Ages & Stages Questionnaire: Social-Emotional
The Ages and Stages Questionnaire: Social and Emotional (ASQ:SE)  uses between 22-30 items (depending on age) to assess parent-reported child social and emotional functioning in the areas of self-regulation, compliance, communication, adaptive functioning, autonomy, affect, and interaction with people. It is used to measure social-emotional development, a secondary outcome in this research. Except for the specific content, the ASQ:SE is formatted and used in the same manner as the ASQ.
Parent Attitudes and Knowledge Inventory
Parent attitudes regarding developmental expectations, contributions towards development, and efficacy in the parenting role are measured with 16 items adapted from other longer and more detailed parent attitude instruments [56–58]. Parent knowledge about early child development is measured with another 16 items adapted from the Knowledge of Infant Development Inventory , a 75-item instrument designed to assess parents' factual knowledge of parental practices, child developmental processes, and infant norms of behavior.
The primary health measures are weight, height, and head circumference; screened vision and hearing impairment and severe malnutrition; and immunization status. Additional indicators of health to be determined will be collected at ages 24 and 36 months.
Family demographics and resources
Family demographics and economic resources are measured with a modified World Bank tool addressing maternal age, race, and education; family size and assets; and household utilities. In addition, maternal psychosocial resources are measured with 12 items developed for this project to address frequency of her interactions with family members and other women as well as time to manage her life and demands.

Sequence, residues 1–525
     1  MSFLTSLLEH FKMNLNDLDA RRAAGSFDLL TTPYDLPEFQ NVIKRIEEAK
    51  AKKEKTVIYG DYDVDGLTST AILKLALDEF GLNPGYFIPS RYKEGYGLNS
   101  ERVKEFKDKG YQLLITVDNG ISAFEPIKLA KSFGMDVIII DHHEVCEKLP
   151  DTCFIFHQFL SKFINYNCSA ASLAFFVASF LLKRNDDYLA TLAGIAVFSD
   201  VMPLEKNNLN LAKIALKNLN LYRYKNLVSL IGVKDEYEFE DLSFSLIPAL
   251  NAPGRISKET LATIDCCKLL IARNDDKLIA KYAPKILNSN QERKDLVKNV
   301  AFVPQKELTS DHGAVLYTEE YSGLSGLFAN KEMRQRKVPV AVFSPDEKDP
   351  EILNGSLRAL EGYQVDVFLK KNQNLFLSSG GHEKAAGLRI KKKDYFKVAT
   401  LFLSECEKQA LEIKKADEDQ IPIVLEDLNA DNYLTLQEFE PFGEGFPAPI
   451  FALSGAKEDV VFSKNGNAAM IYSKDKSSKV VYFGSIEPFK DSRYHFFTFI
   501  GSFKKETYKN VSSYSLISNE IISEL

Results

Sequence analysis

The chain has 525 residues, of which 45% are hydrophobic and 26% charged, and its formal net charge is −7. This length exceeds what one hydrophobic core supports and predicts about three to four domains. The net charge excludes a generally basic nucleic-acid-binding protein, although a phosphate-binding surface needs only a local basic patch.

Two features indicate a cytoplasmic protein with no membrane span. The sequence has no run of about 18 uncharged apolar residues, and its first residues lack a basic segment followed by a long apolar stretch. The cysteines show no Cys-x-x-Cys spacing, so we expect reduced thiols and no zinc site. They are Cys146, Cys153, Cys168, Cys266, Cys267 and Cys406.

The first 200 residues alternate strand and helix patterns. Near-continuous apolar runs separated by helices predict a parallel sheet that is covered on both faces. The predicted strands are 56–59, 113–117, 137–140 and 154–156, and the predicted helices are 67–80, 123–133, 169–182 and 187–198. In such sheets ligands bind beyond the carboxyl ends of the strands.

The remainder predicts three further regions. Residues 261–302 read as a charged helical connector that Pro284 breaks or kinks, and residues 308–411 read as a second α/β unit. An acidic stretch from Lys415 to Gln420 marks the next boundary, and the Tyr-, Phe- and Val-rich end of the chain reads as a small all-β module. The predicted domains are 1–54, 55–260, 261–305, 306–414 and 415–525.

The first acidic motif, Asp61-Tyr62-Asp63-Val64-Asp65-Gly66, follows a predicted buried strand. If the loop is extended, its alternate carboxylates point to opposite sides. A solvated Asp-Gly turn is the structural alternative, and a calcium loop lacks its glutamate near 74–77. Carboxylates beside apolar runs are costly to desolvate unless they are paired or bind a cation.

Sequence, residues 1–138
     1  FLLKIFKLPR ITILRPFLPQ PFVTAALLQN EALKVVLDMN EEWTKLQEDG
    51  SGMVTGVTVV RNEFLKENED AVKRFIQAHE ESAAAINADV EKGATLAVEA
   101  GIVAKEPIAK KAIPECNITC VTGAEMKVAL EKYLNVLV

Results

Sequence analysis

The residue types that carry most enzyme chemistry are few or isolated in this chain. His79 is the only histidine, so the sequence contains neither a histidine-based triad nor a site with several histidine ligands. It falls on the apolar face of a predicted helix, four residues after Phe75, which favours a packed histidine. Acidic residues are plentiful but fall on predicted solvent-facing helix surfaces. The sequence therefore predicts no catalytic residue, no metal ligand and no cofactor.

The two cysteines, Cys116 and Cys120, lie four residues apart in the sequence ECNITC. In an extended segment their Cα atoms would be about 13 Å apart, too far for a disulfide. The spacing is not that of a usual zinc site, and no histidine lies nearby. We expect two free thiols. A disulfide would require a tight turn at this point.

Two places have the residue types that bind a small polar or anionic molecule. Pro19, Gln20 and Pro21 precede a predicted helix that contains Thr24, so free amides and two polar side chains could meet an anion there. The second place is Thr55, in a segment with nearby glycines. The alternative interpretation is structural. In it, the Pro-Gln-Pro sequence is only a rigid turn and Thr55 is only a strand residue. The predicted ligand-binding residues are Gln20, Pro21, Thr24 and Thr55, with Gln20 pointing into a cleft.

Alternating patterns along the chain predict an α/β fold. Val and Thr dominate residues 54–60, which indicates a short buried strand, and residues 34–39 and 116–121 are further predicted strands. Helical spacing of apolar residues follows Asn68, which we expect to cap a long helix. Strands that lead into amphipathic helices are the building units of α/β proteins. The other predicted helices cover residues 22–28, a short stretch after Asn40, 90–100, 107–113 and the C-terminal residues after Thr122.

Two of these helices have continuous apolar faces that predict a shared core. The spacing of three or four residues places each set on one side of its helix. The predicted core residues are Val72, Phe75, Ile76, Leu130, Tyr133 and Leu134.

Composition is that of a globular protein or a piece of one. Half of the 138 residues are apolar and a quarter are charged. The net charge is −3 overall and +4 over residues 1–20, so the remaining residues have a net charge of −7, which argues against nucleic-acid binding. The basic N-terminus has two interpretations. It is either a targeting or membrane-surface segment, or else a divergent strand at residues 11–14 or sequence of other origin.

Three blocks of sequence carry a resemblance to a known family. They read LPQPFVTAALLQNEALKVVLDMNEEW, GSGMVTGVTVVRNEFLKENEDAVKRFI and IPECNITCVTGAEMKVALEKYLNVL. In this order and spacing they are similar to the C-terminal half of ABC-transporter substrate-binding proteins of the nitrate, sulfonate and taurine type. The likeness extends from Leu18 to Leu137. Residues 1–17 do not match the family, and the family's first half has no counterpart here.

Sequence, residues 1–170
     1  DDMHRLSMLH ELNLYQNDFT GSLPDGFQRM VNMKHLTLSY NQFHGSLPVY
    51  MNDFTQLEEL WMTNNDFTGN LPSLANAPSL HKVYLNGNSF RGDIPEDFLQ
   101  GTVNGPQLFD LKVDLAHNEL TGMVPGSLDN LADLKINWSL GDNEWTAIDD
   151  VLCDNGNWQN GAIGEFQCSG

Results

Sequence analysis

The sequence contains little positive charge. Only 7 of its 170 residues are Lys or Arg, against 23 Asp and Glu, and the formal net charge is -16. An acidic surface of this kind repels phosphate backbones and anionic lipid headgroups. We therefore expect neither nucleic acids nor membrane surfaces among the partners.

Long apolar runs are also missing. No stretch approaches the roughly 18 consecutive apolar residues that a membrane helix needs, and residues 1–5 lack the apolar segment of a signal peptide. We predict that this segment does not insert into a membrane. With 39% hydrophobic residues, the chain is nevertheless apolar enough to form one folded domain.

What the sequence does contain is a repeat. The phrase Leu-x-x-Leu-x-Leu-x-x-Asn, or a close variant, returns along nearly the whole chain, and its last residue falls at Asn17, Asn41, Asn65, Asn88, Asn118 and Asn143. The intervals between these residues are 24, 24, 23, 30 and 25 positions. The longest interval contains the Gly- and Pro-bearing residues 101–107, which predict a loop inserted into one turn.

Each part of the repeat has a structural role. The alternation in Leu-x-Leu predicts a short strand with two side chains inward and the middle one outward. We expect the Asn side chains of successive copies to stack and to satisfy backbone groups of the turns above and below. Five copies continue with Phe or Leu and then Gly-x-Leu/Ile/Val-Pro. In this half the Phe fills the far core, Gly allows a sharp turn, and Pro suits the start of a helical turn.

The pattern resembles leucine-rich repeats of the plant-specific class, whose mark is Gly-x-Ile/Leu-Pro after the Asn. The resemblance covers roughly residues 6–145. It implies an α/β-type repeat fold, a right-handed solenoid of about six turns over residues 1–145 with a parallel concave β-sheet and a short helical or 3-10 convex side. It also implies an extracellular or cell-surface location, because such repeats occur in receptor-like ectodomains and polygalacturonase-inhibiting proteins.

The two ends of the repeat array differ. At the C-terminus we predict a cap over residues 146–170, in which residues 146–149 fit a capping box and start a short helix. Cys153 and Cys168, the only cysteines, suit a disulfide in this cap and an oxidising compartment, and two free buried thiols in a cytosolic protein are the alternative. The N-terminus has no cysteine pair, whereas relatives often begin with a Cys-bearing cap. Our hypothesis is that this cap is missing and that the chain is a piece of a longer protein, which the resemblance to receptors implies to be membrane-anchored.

The parent trainers maintain detailed records on each home visit made, including date, duration, activities addressed, and reason for missing (if applicable), from which various dose-relevant measures will be calculated. The primary indicator of intervention dose will be number of home visits made per 12-month period.
Data from forms completed by evaluators or parent trainers are entered locally into a digital database with range and consistency checks. These data are periodically transmitted electronically to the data coordinating center (DCC; RTI International, Research Triangle Park, NC, USA) where additional data edits, including inter- and intra-form consistency checks, are performed. Descriptive statistics are generated and reported to investigators on a monthly basis to monitor enrollment and retention, completion of home visits, and rescheduled or missed visits, and completion of 12, 24 and 36 month evaluations. Additionally, the study sites receive regular edit reports and reconcile any missing, incomplete, or inconsistent data.